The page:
I just celebrated my birthday last week and decided now was the time to learn how to ride a bike.
It has taken me a long time to get to a place where I was willing to learn. I had to get over my fear of falling, or flying over the handle bars, or looking like an idiot, or getting hit by a car. I had to be willing to be ok with sucking at something and looking like a fool in front of someone that I trusted enough to teach me. I had to be willing to let go of my ego.
I always used to laugh and say “The guy that teaches me how to ride a bike is the guy I’m going to marry.” I figured if someone is willing to put up with me when I am at my worst- struggling to learn, getting frustrated, completely afraid and looking ridiculous- then he’s a pretty rare guy and I am going to want to keep him around.
Well, it didn’t play out that way. In my own true Single Gal fashion, I found a friend to teach me. Actually, her whole family rallied around me to teach me. It was her and her husband and her daughter and her boyfriend.
I was terrified. I was so afraid I was going to lash out and snap at these people that are so nice, and offered to teach me on my birthday. We had talked about it for a year, that they would be the person to teach me. And out of the blue, a week before my birthday, they offered. It was perfect timing because I was thinking about asking them to teach me for my birthday.
It turned out to be a good thing that it was a whole family, and people that I was trying really hard to be nice to. I think if it had been my family, I may have gotten really frustrated and lashed out. Instead, I laughed things off. Which is really a much better way to deal with frustration anyway.
I picked it up a lot faster than any of us imagined that I would. They said I looked like a natural. Except for a few times where I was squealing in fear.
After all was said and done, they took their bike rack and strapped it to the back of my car and lent me the bike and helmet to take home and practice. “You didn’t think you would get away with just doing this once, did you?”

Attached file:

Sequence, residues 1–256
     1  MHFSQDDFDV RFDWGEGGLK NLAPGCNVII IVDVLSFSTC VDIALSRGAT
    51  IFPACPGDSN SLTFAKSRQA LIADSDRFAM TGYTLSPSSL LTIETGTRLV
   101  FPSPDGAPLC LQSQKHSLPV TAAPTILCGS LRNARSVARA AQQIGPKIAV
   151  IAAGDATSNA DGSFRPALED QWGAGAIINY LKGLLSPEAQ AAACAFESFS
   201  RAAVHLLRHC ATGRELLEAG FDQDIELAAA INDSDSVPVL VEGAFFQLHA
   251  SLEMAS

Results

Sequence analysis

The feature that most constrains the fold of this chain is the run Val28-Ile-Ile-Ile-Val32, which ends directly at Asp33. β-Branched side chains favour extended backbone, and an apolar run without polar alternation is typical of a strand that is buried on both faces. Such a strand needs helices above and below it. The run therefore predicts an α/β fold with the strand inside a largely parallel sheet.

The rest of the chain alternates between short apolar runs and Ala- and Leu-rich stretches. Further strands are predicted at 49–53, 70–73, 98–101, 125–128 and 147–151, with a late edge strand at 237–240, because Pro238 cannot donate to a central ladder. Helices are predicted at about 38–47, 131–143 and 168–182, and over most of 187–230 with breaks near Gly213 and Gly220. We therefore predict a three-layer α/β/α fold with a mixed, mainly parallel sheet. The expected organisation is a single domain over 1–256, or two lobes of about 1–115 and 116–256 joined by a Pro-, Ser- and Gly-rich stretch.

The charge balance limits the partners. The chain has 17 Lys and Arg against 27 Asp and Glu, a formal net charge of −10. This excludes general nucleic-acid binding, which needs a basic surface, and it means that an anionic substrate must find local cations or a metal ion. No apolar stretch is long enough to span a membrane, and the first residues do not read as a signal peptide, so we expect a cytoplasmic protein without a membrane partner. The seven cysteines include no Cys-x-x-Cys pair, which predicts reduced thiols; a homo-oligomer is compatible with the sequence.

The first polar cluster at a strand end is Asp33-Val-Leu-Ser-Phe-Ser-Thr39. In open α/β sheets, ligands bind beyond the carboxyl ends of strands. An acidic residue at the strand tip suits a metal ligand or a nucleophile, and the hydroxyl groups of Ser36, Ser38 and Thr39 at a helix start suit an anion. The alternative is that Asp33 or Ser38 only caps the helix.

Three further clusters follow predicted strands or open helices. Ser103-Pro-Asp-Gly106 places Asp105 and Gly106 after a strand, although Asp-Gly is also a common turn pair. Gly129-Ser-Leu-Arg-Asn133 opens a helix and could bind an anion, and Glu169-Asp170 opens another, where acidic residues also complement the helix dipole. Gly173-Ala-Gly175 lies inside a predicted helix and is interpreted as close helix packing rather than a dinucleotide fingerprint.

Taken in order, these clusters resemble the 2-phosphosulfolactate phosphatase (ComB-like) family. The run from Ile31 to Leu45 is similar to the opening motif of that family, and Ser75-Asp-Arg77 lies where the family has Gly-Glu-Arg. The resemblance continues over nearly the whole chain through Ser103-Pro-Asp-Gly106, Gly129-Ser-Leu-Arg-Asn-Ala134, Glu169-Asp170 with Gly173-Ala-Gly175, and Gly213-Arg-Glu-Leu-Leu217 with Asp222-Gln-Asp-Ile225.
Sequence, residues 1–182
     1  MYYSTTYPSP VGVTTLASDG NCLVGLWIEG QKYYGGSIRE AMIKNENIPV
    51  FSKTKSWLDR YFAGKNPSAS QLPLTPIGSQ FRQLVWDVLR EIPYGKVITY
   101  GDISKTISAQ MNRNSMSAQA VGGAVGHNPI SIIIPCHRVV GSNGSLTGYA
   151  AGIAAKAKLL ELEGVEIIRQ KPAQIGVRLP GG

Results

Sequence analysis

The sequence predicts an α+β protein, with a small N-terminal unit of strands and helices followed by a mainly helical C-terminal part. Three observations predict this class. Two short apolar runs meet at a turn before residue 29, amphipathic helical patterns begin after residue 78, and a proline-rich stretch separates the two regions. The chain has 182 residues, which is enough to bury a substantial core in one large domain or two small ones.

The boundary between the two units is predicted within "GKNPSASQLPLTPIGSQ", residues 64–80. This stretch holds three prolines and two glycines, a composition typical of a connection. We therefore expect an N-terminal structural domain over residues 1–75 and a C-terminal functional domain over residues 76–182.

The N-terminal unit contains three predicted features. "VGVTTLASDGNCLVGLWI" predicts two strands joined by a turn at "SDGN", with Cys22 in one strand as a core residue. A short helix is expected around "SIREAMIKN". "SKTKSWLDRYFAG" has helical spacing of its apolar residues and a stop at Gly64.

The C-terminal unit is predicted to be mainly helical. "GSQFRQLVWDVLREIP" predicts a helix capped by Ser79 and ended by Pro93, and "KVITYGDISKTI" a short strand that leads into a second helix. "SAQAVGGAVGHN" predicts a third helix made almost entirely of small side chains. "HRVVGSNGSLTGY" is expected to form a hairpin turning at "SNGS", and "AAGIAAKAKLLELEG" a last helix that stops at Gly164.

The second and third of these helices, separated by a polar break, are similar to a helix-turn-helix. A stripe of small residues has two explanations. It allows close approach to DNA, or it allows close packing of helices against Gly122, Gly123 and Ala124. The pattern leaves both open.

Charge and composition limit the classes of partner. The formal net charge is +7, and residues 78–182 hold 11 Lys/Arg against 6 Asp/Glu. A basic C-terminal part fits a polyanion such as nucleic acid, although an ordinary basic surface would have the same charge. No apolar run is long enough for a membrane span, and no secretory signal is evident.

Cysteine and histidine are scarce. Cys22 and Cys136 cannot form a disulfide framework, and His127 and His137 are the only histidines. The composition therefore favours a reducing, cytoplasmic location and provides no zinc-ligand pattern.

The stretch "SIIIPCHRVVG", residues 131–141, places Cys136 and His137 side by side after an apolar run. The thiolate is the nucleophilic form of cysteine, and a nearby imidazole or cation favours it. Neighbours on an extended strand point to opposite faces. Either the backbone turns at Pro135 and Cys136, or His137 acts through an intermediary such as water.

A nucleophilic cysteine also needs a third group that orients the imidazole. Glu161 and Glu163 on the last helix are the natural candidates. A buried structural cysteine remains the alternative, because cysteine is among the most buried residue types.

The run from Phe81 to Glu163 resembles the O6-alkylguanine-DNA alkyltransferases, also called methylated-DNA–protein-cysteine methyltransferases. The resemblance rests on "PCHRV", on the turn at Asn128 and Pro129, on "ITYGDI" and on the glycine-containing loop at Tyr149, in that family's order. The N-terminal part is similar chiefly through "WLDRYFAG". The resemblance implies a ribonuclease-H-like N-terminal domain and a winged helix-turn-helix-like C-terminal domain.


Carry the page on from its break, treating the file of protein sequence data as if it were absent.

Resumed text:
I panicked. I couldn’t think of a way out, and I knew they were right. I knew I needed to practice, because I dream of being one of those people that ride their bike to work. And I work in the city, so I am going to have to get really good and confident.
I practiced on my own for the first time today. I took the bike around my neighborhood, which is incredibly hilly. I had a rough start, but I did ok. I felt wobbly a few times, and jumped off my bike when I saw a car coming. I didn’t trust my balance or steering enough to tempt fate just yet. But luckily, my neighborhood doesn’t get a ton of traffic so I had some time to practice.
I thought about asking a friend to come with me, but I worried I would hold them back. All my friends know how to ride bikes, so I would be the one lagging behind struggling. So I didn’t ask. I wish I had, I probably would’ve practiced longer.
It is the same feeling I talked about yesterday. Ask for help. People like to help. People like to see me conquer a fear and tackle a challenge. Just like learning to ride a bike, asking for help is going to take a lot more conscious effort and practice.
I will say this. Birthdays start to suck as you get older. People aren’t as excited to celebrate. No one plans surprise birthday parties except on the big milestones that end in 0 (30, 40, 50, etc). But it felt so damn good to do something for me- to take something I am afraid of and to tackle it head on and to kick its ass.
I plan to do something like that every birthday from here on out.